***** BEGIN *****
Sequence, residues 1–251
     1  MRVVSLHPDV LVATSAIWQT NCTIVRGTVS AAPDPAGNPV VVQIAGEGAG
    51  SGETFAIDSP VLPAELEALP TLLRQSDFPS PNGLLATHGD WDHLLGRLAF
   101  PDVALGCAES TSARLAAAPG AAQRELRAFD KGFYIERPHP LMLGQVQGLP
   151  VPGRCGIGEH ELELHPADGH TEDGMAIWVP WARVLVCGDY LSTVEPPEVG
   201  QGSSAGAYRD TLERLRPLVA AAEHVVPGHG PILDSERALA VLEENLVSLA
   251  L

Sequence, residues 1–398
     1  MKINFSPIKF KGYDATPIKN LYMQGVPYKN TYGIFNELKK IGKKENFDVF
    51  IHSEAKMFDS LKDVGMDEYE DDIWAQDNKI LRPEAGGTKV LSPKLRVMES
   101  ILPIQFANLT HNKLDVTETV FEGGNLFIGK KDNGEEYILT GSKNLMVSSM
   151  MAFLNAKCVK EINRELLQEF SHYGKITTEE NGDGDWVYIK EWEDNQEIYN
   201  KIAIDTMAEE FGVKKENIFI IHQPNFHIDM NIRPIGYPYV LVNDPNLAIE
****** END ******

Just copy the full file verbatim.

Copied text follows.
Sequence, residues 1–251
     1  MRVVSLHPDV LVATSAIWQT NCTIVRGTVS AAPDPAGNPV VVQIAGEGAG
    51  SGETFAIDSP VLPAELEALP TLLRQSDFPS PNGLLATHGD WDHLLGRLAF
   101  PDVALGCAES TSARLAAAPG AAQRELRAFD KGFYIERPHP LMLGQVQGLP
   151  VPGRCGIGEH ELELHPADGH TEDGMAIWVP WARVLVCGDY LSTVEPPEVG
   201  QGSSAGAYRD TLERLRPLVA AAEHVVPGHG PILDSERALA VLEENLVSLA
   251  L

Sequence, residues 1–398
     1  MKINFSPIKF KGYDATPIKN LYMQGVPYKN TYGIFNELKK IGKKENFDVF
    51  IHSEAKMFDS LKDVGMDEYE DDIWAQDNKI LRPEAGGTKV LSPKLRVMES
   101  ILPIQFANLT HNKLDVTETV FEGGNLFIGK KDNGEEYILT GSKNLMVSSM
   151  MAFLNAKCVK EINRELLQEF SHYGKITTEE NGDGDWVYIK EWEDNQEIYN
   201  KIAIDTMAEE FGVKKENIFI IHQPNFHIDM NIRPIGYPYV LVNDPNLAIE